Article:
If you do not pick the buds, the capers, they open into gorgeous, fragile, purple-and-white flowers–which are of no commercial use. Soon, the flowers fall of (as flowers do)…to be replaced with the caper plant’s fruit…which is not a caper (remember: the caper is the pre-flower bud). So what is the fruit? The much much larger caper BERRY, which looks something like a gherkin next to the small buds. And you can compare them in the field–because it is the odd property of the caper plant that during the season you can see buds, flowers and caper berries all at the same time on the same plant!

Here you can see small buds, ready to be picked as capers…next to one whonkin’ caper berry, also ready for harvest

Capers come to the market in three sizes, though not necessarily marked that way: small, medium and large. The small ones bring the highest prices; of them, Lasagni says, the texture is best…tight and snappy. “But they have little aroma,” he concedes. So why the high price? Simple labor analysis: “they are the most labor intensive to pick.”

My connoisseur friends on the island tell me that their favorite size is large. “it’s true,” Fausto Luchetti says, “that the texture of the large caper is a little mushier”–each large caper has a practically full-grown flower in it waiting to break out–“but the aromas and flavors of the big guys are so much better.” This feeling for the superiority of the large caper was echoed by Ishan Gurdal, proprietor of Cambridge, Massachusetts’ fabulous foodie shop Formaggio; “my restaurant customers want large ones,” Ishan said, “though it’s partially economic…they can chop them up and make them go further!”

So how do they use capers in Pantescan local cooking? And how is that cooking differentiated from the cooking of Sicily, the “mainland,” 65 miles to the northeast?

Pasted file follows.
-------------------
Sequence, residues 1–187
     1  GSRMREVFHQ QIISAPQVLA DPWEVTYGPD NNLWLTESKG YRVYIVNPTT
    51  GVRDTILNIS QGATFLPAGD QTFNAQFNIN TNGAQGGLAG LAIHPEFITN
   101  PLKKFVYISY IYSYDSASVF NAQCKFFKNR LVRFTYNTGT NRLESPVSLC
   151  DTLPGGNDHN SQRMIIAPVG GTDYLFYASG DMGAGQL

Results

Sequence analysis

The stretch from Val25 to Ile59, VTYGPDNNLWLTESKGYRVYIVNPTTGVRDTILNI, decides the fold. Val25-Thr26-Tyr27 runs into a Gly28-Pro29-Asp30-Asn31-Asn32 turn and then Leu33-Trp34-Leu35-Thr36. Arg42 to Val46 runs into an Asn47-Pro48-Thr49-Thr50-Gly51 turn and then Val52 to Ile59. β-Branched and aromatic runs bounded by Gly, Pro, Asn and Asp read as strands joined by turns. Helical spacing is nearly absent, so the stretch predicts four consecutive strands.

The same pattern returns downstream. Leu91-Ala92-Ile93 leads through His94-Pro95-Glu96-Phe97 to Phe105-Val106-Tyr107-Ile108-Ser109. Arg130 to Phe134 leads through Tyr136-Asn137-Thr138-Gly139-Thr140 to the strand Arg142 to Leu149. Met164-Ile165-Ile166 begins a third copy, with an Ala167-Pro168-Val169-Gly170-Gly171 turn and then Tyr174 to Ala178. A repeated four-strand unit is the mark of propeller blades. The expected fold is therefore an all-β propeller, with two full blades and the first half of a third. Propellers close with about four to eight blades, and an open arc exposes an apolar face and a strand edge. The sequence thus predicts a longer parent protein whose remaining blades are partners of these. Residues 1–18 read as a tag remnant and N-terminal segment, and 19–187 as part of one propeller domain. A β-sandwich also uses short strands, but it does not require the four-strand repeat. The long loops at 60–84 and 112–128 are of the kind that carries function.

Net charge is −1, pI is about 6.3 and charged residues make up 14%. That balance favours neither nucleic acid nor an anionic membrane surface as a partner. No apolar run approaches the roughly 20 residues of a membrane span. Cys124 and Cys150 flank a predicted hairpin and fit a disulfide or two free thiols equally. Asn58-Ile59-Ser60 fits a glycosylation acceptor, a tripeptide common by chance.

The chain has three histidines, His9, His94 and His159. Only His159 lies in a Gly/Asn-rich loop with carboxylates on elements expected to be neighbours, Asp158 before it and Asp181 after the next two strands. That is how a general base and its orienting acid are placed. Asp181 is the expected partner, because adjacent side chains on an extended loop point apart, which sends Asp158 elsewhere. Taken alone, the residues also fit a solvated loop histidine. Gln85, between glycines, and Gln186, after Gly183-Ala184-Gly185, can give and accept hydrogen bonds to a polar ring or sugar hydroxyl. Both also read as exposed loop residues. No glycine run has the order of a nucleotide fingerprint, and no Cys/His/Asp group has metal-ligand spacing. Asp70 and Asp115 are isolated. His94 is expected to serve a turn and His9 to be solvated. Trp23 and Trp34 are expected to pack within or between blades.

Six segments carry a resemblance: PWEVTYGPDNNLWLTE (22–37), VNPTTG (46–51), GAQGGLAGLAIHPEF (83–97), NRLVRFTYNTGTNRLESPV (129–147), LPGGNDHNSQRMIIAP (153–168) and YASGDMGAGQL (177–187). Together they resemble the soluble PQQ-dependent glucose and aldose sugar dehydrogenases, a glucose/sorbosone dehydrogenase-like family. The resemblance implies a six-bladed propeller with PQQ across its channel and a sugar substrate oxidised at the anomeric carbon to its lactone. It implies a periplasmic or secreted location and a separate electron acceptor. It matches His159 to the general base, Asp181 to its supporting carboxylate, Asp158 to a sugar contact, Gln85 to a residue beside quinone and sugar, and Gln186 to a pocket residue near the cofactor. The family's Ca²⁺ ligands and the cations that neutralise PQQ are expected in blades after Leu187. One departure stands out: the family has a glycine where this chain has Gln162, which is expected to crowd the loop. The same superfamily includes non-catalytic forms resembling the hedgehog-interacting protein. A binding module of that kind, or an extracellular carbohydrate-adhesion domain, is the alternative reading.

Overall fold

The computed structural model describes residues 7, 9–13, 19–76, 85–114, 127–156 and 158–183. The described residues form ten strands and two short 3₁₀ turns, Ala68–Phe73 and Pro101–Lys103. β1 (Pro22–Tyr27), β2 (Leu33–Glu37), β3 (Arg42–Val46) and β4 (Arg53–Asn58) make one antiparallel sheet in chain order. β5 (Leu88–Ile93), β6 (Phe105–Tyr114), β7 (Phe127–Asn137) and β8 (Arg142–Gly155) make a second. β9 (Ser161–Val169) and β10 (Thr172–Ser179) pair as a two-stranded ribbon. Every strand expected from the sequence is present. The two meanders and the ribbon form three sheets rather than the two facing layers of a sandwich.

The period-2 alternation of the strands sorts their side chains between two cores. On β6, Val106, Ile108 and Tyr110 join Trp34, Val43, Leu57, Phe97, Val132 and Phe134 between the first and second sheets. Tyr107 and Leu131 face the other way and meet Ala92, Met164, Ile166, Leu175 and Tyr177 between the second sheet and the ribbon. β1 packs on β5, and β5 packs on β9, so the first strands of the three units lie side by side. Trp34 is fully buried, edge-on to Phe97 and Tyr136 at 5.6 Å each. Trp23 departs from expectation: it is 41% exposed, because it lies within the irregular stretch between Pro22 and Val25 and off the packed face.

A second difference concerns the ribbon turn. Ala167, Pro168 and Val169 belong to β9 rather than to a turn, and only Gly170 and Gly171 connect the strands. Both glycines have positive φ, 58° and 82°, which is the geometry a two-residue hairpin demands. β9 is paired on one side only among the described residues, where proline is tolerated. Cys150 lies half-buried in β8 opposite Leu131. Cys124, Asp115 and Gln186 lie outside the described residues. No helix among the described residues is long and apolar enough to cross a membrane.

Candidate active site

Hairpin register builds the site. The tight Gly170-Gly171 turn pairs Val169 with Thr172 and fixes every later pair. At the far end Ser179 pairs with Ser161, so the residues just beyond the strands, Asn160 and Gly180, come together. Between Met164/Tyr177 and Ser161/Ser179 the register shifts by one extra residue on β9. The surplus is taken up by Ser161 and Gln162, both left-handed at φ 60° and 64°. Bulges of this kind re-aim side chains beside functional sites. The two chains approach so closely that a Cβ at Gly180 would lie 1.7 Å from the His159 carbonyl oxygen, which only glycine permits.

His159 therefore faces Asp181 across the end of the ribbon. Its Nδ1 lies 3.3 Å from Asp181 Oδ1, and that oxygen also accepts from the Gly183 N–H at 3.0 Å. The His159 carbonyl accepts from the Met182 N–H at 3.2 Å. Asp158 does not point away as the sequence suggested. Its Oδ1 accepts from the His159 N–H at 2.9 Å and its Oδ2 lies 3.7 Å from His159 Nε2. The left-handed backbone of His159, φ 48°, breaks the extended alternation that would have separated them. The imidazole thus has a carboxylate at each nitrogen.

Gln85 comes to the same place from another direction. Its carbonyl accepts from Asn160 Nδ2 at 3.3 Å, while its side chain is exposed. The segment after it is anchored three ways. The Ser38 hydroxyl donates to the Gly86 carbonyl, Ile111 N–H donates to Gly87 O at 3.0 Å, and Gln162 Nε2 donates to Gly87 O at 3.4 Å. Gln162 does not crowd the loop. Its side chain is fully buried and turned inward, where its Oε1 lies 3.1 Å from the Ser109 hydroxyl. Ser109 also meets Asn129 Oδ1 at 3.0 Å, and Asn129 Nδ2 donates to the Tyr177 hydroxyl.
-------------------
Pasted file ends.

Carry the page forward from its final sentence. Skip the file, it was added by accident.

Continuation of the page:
For one thing, on Pantelleria…they use a lot more capers!

There is no Sicilian dish more famous than caponata, often thought of as Sicily’s ratatouille. But though it shares some elements with ratatouille (like tomatoes and eggplant), and a serving temperature (room)…Sicilian caponata always has a distinct agro-dolce (sweet-and-sour) character.

Half-served tray of sweet-and-sour caponata (it is Pantescan; note the liberal use of capers)

Intriguingly, however, on Pantelleria, one often finds a little less sweetness–maybe yielding the spotlight to the capers?

A very Pantescan caponata

No matter how much time you spend on Pantelleria…you will never escape caponata!

Another very Pantescan dish–which has its own ambiguities and controversies–is pesto pantesco…unlike any Ligurian pesto you’ve ever had.

Label of a jarred pesto pantesco (ready for shipment to Germany!)

The story starts in Trapani (TROPP-uh-knee), on the west side of the Sicilian “mainland.” Like Pantelleria, Trapani has a lot of Arab influence (and BTW…Pantelleria is under the provincial administration of Trapani). One very famous dish from Trapani is pesto trapanese, which, pounded in a mortar , is made from tomatoes, raw garlic, almonds, and a little bit of basil (it is red, unlike Liguria’s green).

Ingredients about to be pounded into pesto pantesco

Now, every book will tell you that there’s also a “pesto pantesco” that differs from “pesto Trapanese;” some folks will go so far as to tell you that the former always contains capers and no almonds, while the latter always contains almonds and no capers.

After asking around for a week, I discovered that this is inaccurate.

The truth is this: if you make tomato-almond-garlic pesto in Trapani, you call it pesto trapanese. If you make it in Pantelleria–same dish!–you call it pesto pantesco.